Discounted dividend model (DDM)

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Meaning and definition of Discounted Dividend Model

The discounted dividend model (DDM) is a procedure for valuing a stock’s price by using expected dividends and discounting them back to present value. The underlying idea is that if the value obtained from the dividend discount model is greater than the value at which shares are being already traded, the stock is considered to be undervalued. Putting it simple, the discounted dividend model is one of the methods of evaluating a company based on the theory that a stock holds the value equal to the discounted sum of all the prospective dividend payments.

As explained by Investopedia, this procedure features many variations. However, these variations do not work for companies which do not pay out dividends. For instance, one variation is the supernormal dividend growth model which includes a period of high growth followed by a lower and constant growth period. The underlying principle behind this model is the net present value of the cash flows. To obtain a growth number, one good option would be taking the return on equity (ROE) and multiplying it by the retention ratio (which is 1-payout ratio)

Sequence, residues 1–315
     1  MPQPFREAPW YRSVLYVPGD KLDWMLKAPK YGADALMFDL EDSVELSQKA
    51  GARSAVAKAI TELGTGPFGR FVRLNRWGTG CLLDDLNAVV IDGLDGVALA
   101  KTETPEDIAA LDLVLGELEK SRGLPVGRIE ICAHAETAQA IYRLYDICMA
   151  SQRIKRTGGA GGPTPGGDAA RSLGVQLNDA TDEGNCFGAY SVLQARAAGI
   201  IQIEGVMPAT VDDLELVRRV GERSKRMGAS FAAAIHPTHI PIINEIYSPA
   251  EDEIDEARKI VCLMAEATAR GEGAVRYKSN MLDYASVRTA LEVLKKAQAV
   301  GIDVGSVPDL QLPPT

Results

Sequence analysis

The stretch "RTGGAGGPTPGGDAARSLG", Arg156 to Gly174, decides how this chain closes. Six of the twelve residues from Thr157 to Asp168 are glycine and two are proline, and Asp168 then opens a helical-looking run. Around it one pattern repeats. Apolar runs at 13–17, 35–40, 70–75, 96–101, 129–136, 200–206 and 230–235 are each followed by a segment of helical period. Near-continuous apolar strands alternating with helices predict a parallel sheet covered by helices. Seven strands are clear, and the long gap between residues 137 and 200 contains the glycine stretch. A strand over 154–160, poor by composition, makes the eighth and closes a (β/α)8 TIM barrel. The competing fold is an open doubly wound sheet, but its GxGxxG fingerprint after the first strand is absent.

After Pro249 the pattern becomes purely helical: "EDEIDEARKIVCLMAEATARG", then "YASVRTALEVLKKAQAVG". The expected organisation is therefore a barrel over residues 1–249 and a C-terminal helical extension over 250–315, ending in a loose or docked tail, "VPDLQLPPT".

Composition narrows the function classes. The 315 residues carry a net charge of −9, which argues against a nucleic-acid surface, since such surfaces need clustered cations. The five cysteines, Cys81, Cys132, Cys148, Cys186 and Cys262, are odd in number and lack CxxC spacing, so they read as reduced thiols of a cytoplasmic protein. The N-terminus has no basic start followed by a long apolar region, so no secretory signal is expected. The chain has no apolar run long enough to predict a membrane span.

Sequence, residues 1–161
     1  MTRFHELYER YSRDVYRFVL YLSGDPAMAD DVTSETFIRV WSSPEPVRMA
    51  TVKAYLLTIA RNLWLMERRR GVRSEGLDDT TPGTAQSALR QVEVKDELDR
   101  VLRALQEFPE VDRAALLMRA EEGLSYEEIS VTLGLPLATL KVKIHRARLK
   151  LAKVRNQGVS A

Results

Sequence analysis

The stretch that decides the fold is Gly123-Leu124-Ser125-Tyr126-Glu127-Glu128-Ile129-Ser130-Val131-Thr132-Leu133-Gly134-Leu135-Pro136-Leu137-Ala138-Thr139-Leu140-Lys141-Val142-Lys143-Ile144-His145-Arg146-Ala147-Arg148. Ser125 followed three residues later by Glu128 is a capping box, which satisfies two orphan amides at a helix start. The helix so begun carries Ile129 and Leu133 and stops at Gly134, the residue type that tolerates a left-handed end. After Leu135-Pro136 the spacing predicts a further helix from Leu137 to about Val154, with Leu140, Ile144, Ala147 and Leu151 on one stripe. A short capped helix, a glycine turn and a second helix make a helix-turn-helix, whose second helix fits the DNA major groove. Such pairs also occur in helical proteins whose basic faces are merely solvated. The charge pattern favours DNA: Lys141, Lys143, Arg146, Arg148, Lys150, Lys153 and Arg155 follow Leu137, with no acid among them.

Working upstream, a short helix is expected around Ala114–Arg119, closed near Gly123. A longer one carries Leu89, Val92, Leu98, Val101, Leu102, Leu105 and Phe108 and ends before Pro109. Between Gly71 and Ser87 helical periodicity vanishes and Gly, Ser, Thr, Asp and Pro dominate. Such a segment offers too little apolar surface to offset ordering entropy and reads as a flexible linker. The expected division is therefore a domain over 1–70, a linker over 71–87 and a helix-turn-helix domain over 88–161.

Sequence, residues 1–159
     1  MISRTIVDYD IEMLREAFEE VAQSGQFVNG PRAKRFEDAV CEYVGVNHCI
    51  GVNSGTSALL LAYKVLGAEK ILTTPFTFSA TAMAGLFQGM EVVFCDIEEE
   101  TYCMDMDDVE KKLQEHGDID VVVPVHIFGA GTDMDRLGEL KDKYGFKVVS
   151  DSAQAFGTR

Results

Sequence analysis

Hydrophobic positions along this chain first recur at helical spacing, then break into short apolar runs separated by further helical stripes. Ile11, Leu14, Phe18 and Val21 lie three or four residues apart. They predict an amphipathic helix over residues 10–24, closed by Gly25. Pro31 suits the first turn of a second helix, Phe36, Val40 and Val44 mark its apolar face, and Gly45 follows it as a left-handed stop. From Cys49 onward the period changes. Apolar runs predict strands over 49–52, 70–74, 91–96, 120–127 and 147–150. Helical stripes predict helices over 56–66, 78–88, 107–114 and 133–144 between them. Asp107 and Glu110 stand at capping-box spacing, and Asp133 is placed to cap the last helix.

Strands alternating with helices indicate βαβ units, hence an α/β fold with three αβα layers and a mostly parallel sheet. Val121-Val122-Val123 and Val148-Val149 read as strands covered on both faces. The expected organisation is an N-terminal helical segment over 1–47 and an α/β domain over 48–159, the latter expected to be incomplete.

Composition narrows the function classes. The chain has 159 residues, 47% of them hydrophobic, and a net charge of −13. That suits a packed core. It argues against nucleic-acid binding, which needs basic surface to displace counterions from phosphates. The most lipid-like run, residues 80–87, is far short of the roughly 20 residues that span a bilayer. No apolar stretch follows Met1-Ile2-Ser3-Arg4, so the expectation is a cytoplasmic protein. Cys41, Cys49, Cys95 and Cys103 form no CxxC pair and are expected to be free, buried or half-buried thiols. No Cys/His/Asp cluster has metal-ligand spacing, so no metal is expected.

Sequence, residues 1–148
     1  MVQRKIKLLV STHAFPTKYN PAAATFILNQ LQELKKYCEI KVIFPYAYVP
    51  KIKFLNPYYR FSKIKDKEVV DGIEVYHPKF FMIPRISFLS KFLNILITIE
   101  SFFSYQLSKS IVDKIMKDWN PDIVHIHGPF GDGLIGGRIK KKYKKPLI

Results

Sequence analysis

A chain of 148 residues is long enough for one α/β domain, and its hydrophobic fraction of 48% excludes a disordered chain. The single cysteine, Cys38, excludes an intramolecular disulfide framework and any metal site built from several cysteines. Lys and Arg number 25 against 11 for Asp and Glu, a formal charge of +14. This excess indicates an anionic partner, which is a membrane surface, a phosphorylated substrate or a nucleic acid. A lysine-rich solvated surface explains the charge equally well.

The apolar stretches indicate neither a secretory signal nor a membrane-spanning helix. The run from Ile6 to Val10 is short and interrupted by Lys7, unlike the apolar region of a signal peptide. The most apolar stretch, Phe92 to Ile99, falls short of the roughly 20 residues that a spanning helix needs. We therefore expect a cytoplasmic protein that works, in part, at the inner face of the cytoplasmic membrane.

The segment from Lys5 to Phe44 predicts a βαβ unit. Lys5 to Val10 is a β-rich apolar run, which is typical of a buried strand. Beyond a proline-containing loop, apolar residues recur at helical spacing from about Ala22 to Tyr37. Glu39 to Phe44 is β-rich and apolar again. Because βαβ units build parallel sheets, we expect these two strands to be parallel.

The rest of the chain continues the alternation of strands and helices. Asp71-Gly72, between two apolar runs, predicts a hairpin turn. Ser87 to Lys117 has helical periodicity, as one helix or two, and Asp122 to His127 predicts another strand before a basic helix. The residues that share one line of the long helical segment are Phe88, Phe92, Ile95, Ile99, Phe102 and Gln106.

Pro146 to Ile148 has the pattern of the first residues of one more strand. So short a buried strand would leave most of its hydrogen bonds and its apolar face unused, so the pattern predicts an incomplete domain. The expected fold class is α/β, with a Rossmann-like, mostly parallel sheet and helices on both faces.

Formula for Discounted Dividend Model (DDM)

The general formula used for discounted dividend model is:

Value of Stock = Dividend per share / (Discount rate – Dividend growth rate)


The discounted dividend model (DDM) is in no way the be-all and end-all for evaluation. In saying this, learning about the discounted dividend model is helpful in encouraging thinking. It insists investors to valuate different assumptions related to growth and future prospects. If nothing else, the discounted dividend model reveals the underlying principle that a company deserves the sum of its prospective discounted cash flows. The main challenge is making the model as germane to the reality as possible. This implies the use of most reliable assumptions on hand.

However, the discounted dividend model is one of the most conservative and oldest methods of evaluating stocks. It is one of the basic components of a financial theory which is essential to be learnt by an introductory finance class. Unluckily, the easy part is the theory. The model demands loads of assumptions related to dividend payments and growth patterns of a company in addition to future interest rates.

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